Cabbing it in cool weather

As a relatively young wine region, the Okanagan – in truth, British Columbia and Canada – is still finding its way when it comes to identity.

  • Do we have a signature grape?
  • A signature white?
  • A signature red?

Maybe not yet, but the topic is open for much discussion.

My palate is turning toward juicier reds as autumn descends, but I’m not yet ready for the big, bold wines of winter nights.

Light pinot noir this season? Sure, when there’s enough sun on the patio before twilight. 

But I am leaning toward Cabernet Franc for fall. On its own, or with a little bit of another grape such as Cabernet Sauvignon or Merlot, B.C. Franc can stand on its own with its typical notes of red berries, cassis, plums, and violets, with some herbaceous notes and green pepper.

They're perfect reminders of summer in a red wine that will pair well with the first stew of fall.

Looking for some suggestions? Try one of these, and enjoy.

Bordertown 2016 Cabernet Franc, $24: a deep Franc, with tobacco notes and that signature green pepper. A long finish with red fruits and slightly grippy tannins. Good to open during a sudden rain storm or for Sunday dinner with the last burgers from the barbecue.

Platinum Bench 2013 Cabernet Franc Block 23, $40: sold out, so you’ll have to bribe your favourite wine geek who may have a bottle. A few years of gentle resting, plus French-oak aging created an elegant wine with black-licorice flavours and excellent balance.

Skaha Vineyard at Kraze Legz 2015 Cabernet Franc, $26: a wine made with care and finesse. This is a jammy, slightly spicy bottle with vanilla notes and a nice complexity. Delightful on its own, or, as the winery suggests, with pork and apple sauce, or a hearty, veggie lasagna.

Pentage 2013 Appassimento Style Cabernet Franc, $35: if you like Amarone, this is your wine. The grapes are partially dried, producing a concentrated, richly flavoured wine with a palate full of plums, raisons, and richness. Pair with dark chocolate.

TH Wines 2016 Cabernet Franc, $35: every bottle at this winery is famously made by hand, with minimal fuss, letting the grapes express everything you may want in a Franc. Juicy, plummy, but not too bold. Enjoy on a date night, with a selection of local cheeses.

Township 7 2016 Cabernet, $28: in addition to the Franc, Cabernet Sauvignon makes up this blend. If you prefer Sauv, you’ll find elements of black cherry, caramel, and eucalyptus. Likely the last vintage of this particular bottle, so pick it up soon.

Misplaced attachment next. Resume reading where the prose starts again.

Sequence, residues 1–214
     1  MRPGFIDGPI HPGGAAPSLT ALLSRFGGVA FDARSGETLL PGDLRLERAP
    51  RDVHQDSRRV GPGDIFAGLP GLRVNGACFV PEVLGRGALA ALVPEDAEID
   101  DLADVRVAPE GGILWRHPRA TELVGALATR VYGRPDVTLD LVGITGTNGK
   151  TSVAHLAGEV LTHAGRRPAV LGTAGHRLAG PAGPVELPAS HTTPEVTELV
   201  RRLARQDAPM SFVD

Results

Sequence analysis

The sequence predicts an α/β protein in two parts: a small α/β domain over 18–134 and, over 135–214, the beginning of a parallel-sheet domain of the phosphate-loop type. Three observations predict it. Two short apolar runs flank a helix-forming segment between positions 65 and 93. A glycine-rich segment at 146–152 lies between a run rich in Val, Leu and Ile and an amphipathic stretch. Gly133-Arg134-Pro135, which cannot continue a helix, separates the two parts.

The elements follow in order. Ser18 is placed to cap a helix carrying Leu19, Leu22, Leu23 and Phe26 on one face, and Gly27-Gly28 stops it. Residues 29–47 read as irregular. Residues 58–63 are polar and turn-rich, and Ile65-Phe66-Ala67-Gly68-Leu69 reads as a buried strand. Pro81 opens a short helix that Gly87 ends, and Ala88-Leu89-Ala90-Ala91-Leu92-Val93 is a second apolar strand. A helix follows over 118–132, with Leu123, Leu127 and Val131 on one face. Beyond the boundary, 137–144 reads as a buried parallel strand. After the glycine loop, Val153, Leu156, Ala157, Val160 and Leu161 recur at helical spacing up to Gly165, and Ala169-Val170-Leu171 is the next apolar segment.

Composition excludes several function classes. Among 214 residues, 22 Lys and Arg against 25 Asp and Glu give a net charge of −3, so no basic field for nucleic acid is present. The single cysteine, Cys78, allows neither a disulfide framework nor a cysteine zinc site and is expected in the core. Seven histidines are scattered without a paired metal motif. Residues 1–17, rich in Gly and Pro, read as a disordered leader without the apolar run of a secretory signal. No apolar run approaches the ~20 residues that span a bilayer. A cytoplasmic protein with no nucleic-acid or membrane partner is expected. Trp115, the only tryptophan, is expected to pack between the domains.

Deep Roots 2016 Cabernet Franc, $40: bold, ripe, full of stewed red fruits, chocolate-covered cherries, fruitcake, tobacco, and a mix of spices. A full-bodied Franc that can wait a few years, if you can, or enjoy now with Thanksgiving dinner, especially if you layer bacon over your turkey.

Mission Hill 2015 Cabernet Franc, $50: the very first single varietal Franc from Mission Hill, with future vintages to come. From 21-year-old vines, it has a supremely long and elegant finish. Ready to drink now with your best friend and your take on grandma’s signature beef stew.

More Okanagan Taste articles

About the Author

A creative thinker with more than two decades of experience in communications, Allison is an early adopter of social and digital media, bringing years of work in traditional media to the new frontier of digital engagement marketing through her company, All She Wrote.

She is the winner of the Thompson Okanagan Tourism Association's 2011 and 2012 awards for Social Media Initiative, an International LERN award for marketing, and the 2014 Penticton Chamber of Commerce Business Excellence Award for Hospitality/Tourism.

Allison has amassed a following on multiple social networks of more than 30,000, frequently writes and about social media, food and libations as well as travel and events, and through her networks, she led a successful bid to bring the Wine Bloggers Conference to Penticton in June 2013, one of the largest social media wine events in the world, generating 31 million social media impressions, $1 million in earned media, and an estimated ongoing economic impact of $2 million.

In 2014, she held the first Canadian Wine Tourism Summit to spark conversation about the potential for wine tourism in Canada as a year-round economic driver.

Allison contributes epicurean content to several publications, has been a judge for several wine and food competitions, and has earned her advanced certificate from the Wine and Spirit Education Trust.

In her spare time, she has deep, meaningful conversations with her cats.

She can be reached at [email protected]

The views expressed are strictly those of the author and not necessarily those of Castanet. Castanet does not warrant the contents.

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